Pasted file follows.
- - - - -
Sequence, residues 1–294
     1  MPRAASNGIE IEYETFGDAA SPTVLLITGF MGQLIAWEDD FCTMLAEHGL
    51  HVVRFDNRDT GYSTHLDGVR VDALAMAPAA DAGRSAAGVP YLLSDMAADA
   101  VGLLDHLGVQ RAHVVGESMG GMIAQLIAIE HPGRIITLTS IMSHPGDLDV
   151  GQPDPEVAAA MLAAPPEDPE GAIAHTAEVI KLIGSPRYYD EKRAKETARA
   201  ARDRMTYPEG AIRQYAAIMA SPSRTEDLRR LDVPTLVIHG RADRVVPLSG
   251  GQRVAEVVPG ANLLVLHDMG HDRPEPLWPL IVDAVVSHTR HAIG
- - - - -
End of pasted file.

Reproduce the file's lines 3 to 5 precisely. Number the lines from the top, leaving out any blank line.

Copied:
    51  HVVRFDNRDT GYSTHLDGVR VDALAMAPAA DAGRSAAGVP YLLSDMAADA
   101  VGLLDHLGVQ RAHVVGESMG GMIAQLIAIE HPGRIITLTS IMSHPGDLDV
   151  GQPDPEVAAA MLAAPPEDPE GAIAHTAEVI KLIGSPRYYD EKRAKETARA